89. The question is this in a nutshell: why can we not forget about calling the BBC a public service broadcaster, why can we not just say that is our unique way in this country of financing a broadcaster and yours is another way of doing it?
  (Dr Stelzer) Because the key word in the question was "compulsory". It is very difficult for any private organisation to compete with someone who has compulsory access to the money of people it is trying to woo. There is no compulsion to watch Sky or to take the Sky service, there is no compulsion to buy The Sun, there is no compulsion there. The licence fee is compulsory and you have trucks going around doing bad things to people who do not pay whether they watch the service or not. You have an elaborate subsidisation system which is a regressive way of financing which I find troublesome, but maybe you do not. The problem I have, and I know what you are groping for, is what is the limit of that? If an organisation makes a financial deal with you and then two or three years later decided "we really do not want to do that, we want some more money", so they come back for more money, what is the limit? When do you say no? I agree that if you define public service broadcasting as essentially putting bulletins on as to when you can collect your pension cheque then there is not much of a role for public service broadcasting. On the other hand, in the way that you define it there is no room for anybody else because you cannot compete with something where you have to ask people to pay you when the other guy is getting money under compulsion. The trouble I have with your definition is there is no outer limit. If you say to me you are going to have two channels or six channels, fine, but, as we see here, we have a creeping movement into other areas and that is a little troublesome.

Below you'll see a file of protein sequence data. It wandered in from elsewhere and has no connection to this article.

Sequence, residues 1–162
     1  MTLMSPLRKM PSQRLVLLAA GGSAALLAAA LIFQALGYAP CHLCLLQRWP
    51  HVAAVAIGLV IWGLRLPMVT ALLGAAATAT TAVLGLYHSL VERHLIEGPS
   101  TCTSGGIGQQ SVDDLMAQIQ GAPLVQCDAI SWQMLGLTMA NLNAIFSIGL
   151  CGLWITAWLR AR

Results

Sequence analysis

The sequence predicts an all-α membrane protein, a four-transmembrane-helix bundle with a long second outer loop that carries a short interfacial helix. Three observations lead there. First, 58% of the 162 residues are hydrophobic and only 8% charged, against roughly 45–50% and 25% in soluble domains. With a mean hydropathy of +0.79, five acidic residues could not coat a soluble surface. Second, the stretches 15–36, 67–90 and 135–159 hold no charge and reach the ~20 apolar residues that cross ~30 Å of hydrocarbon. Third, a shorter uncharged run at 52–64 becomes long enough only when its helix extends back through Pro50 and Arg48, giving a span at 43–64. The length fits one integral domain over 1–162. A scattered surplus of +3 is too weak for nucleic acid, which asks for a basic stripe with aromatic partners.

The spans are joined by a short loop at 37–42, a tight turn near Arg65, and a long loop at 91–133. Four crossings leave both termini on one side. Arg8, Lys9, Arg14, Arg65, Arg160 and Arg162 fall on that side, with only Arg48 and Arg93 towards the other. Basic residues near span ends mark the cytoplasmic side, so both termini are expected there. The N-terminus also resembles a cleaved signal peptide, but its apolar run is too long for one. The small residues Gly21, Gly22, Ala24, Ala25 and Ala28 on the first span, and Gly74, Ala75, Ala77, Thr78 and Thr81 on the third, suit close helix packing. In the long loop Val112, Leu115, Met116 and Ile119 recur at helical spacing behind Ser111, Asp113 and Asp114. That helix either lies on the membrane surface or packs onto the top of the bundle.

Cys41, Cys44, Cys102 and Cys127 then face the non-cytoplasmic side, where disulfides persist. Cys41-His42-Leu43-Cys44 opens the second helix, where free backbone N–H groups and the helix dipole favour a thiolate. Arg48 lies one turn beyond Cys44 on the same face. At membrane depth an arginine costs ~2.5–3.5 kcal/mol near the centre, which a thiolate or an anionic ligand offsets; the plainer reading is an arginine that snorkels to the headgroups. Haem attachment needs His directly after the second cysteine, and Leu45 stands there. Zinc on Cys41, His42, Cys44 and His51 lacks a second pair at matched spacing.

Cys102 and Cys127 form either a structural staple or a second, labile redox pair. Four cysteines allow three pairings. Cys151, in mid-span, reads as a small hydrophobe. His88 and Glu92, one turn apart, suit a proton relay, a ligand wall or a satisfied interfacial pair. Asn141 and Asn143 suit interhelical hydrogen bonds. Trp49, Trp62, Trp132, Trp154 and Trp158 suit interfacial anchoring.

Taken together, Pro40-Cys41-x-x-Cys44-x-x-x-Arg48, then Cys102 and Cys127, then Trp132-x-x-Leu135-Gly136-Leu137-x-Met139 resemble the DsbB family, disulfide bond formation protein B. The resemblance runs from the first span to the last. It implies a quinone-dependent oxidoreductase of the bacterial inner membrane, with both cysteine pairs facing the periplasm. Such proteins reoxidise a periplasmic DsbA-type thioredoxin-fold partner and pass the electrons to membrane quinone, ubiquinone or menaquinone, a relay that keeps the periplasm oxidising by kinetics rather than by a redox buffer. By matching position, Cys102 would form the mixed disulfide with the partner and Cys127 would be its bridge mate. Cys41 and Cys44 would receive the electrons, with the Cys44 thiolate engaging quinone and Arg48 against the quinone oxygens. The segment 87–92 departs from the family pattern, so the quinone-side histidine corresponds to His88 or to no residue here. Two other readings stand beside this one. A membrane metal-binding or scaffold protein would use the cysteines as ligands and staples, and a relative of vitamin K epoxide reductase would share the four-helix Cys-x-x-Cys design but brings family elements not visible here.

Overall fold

90. This Committee is part of the regulation of the BBC and we are all politicians. The limit is the fact that it is very difficult to put the licence fee up. The licence fee is not a punishment, is it? You talk as if it is a punishment but all it is is a way of giving people amazing value for money.
  (Dr Stelzer) Are you suggesting that if everybody had the option of mailing a cheque for £100 to get BBC that everybody would do it?